Nuclea hires team, including new COO, to market its biomedical products
PITTSFIELD - Nuclea Biotechnologies Inc. has hired a team of scientists from one of the county's leading scientific companies, including a doctor who has become the Pittsfield-based firm's new COO.
Mary F. Lopez, the director of Thermo Fisher Scientific's BRIMS Center in Cambridge, and five of her colleagues joined Nuclea on Monday. Lopez will serve as Nuclea's COO.
Also joining Nuclea are Bryan Krastins, the director of the BRIMS Center's CLIA Protemic Lab; the center's director of bioinformatics, Maryann Vogelsang; and Gregory Byram, a senior technologist for clinical protemic discovery.
Nuclea has also hired a clinical protemics manager and a director of business and biomarker development, but their names will be released at a later date, said Nuclea's President and CEO Patrick J. Muraca.
Lopez will split her time between Pittsfield and Nuclea's facility in Cambridge. The other members of the team will all be based at Nuclea's Cambridge facility.
Muraca said the new team will play a key role in transitioning Nuclea from a company that discovers and develops biomarkers and diagnostic assays, or tests, for treating various kinds of cancer, to a firm that markets those treatments.
"We're moving from a research and development organization to actually commercializing our own technology," Muraca said. "We have FDA (Food and Drug Administration) projects that are not becoming commercialized. We need expertise in that area, which Mary and her team bring to us.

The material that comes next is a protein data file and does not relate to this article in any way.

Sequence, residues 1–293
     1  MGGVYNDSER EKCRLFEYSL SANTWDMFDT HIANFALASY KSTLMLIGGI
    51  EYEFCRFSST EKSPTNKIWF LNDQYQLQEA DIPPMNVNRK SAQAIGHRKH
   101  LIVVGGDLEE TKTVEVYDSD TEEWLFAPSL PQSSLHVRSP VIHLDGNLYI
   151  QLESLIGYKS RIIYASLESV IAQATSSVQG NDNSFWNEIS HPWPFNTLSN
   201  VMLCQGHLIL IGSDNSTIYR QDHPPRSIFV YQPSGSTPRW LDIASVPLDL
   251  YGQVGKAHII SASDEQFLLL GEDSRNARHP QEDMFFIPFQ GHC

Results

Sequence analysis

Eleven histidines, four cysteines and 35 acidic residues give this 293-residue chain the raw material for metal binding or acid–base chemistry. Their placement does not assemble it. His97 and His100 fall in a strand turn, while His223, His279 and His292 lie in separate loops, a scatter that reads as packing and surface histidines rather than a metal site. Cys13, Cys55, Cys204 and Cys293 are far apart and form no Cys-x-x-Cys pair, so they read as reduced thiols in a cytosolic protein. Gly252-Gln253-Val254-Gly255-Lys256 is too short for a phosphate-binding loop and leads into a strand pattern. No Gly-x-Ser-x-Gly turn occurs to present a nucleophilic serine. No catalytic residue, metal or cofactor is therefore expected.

"This is a real big step for Nuclea," he said, "a game changer for us."
BRIMS is an acronym for Biomarker Research Initiatives in Mass Spectrometry. The center provides customers with commercial applications of clinical assays and supports the sales and marketing efforts of Agawam-based Thermo Fisher's Mass Spectrometry Division. Thermo Fisher has revenues of $17 billion and employs 50,000 workers in 50 countries, according to the company's website.
Lopez said she and her team have worked together for seven years.
"I built the team when I came to the BRIMS Center focusing on people who bring synergistic talent and skills," said Lopez, who has worked in the fields of proteomics, a form of biotechnology; electriophoresis and protein chemistry at various companies since 1989.
"Over the years we've been able to hone those skills and be a fully functional team that can hit the ground running at a place like Nuclea," she said.
"It's a phenomenal opportunity to really do what our team has sort of been preparing for all those years at Thermo Fisher Scientific," she said.
Thermo Fisher Scientific and Nuclea have partnered on projects before, most recently in June 2014 when they worked on a program related to diabetes and insulin research, according to Thermo Fisher's website.
In other business, Nuclea has partnered with BacterioScan Inc., of St. Louis, in validation of their BacterioScan 216Dx instrument in a CLIA certified laboratory.
The collaboration will focus on antimicrobial susceptibility testing (AST) to guide the best course of antibiotic treatment for a variety of different strains of urinary tract infections.
TALK TO US
If you'd like to leave a comment (or a tip or a question) about this story with the editors, please email us. We also welcome letters to the editor for publication; you can do that by filling out our letters form and submitting it to the newsroom.